Fruits and veggies may help prevent breast cancer

By Lori Lyle

(LOUISVILLE) -- After huge holiday meals, many people may be thinking about getting back to a healthier diet. Besides keeping you trim, what you eat can also play a big role in whether you get breast cancer. WAVE 3 Medical reporter Lori Lyle explains.

Fruit is a regular guest in Kat Herdlein's home.

"I probably eat about 21 different types of fruits a week," said Herdlein.

As a breast cancer survivor, she hopes all this fruit keeps her cancer from coming back.

"You are foolish not to try everything you know to keep it at bay," Herdlein said.

Researcher Christine Ambrosone is a molecular epidemiologist. She says Katy's taking a smart first step.

"When we think about what causes cancer and how DNA is damaged, some of the components in fruits and vegetables should play a very important role," Ambrosone said.

Ambrosone found just ten servings of fruits and veggies a week lowers breast cancer risk by 1/3 among women with a certain gene most have.

"A glass of orange juice, an apple, you know a vegetable with dinner, vegetable or salad with lunch -- there is your five servings; it's really not difficult or undoable," says Ambrosone.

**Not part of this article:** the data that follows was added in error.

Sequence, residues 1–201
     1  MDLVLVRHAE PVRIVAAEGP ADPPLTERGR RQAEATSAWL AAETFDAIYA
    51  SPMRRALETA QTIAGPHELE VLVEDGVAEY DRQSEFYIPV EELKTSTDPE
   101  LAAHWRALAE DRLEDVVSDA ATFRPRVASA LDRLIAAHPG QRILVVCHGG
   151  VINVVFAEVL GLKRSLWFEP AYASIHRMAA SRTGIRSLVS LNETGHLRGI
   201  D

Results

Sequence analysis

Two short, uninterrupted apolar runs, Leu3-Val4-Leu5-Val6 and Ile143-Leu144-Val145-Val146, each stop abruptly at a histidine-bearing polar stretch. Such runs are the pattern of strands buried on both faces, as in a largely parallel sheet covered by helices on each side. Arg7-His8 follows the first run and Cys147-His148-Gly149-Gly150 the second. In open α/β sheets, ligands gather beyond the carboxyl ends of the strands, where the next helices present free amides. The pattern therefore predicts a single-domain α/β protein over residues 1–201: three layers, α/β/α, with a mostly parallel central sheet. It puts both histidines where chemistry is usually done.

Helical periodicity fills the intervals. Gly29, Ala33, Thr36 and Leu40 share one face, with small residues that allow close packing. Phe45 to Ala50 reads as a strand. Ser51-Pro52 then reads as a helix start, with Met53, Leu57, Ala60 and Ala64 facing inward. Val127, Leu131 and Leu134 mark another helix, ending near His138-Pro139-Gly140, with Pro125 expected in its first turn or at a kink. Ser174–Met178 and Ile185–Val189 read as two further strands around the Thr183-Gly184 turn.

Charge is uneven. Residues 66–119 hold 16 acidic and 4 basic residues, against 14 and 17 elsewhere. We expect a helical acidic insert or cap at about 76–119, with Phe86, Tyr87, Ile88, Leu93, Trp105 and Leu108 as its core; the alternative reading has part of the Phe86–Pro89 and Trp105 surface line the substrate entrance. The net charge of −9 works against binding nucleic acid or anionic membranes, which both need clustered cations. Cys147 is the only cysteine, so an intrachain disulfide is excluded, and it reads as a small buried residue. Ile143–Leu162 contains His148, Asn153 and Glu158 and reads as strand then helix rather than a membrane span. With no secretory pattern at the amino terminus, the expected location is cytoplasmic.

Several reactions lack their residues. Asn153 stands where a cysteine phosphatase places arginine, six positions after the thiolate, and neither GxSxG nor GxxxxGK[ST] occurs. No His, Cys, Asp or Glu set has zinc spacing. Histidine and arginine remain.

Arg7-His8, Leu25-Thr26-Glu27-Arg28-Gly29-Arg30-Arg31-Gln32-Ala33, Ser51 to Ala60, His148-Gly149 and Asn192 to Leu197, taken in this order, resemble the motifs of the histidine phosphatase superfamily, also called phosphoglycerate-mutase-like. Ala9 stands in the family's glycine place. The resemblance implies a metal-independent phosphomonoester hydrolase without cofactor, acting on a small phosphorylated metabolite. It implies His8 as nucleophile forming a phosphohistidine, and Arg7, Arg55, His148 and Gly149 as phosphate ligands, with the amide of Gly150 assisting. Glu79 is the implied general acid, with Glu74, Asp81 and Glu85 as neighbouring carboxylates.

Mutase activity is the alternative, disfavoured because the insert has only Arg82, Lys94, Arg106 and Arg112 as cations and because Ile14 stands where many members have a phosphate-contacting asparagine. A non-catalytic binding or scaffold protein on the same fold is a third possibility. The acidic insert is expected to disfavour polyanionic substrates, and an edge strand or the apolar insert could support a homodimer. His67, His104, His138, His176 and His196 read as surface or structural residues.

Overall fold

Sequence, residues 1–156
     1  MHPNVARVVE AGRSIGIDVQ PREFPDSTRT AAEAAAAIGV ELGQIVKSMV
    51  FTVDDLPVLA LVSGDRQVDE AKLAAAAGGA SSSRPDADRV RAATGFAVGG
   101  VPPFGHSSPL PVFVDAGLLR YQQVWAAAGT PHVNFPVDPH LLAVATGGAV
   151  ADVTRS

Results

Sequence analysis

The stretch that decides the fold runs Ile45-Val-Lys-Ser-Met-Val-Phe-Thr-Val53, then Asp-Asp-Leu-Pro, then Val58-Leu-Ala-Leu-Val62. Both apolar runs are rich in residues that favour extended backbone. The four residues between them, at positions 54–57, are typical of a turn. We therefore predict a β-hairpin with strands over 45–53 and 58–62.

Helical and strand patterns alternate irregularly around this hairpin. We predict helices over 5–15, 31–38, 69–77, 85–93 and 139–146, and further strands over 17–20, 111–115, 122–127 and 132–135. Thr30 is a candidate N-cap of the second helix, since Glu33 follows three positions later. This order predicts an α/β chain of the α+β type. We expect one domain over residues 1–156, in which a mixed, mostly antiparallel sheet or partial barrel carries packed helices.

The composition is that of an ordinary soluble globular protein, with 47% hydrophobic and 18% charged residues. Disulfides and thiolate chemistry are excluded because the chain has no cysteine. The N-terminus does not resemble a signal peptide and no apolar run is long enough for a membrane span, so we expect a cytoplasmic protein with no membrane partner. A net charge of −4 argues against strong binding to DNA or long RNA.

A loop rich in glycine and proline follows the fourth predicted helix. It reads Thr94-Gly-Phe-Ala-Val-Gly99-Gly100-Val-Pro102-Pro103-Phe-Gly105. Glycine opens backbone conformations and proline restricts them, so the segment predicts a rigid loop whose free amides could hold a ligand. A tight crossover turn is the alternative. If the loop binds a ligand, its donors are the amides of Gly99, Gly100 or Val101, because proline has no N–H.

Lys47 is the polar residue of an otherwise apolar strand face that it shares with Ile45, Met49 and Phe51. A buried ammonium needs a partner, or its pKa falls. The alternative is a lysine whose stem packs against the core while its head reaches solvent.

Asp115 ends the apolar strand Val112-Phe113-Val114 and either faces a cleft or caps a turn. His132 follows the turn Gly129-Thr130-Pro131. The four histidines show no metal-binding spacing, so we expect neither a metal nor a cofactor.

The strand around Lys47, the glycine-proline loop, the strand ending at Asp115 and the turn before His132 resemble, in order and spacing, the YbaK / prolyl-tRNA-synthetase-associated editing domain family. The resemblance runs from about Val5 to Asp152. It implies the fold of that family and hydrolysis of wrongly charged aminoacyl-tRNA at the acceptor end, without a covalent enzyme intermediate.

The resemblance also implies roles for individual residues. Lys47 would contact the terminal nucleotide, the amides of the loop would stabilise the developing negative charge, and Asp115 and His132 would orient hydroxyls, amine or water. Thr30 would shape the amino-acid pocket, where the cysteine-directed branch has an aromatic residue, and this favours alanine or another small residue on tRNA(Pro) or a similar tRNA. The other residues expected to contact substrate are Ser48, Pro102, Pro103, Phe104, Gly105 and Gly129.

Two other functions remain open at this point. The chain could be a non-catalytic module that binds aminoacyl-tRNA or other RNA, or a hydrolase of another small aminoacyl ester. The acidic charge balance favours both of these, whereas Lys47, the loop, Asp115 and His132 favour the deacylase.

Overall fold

Another gene increases the risk of breast cancer, but when those women eat lots of fruits and veggies, that inherited risk is greatly reduced.

"Regardless of your genotype, consumption of fruits and vegetables is really important," says Ambrosone.

Fruits and veggies contain powerful antioxidants, and when combined with specific genes, those antioxidants do double duty. But the benefits are not seen in women who take supplements. To reap the fruits-- you have to eat the fruits.

Because these genotypes are so common in women, testing for them is not necessary.
Berries have more antioxidants than any other fruit. One study shows just one cup of berries gives you the antioxidants you need in a single day.

Online Reporter:  Lori Lyle

Online Producer: Charles Gazaway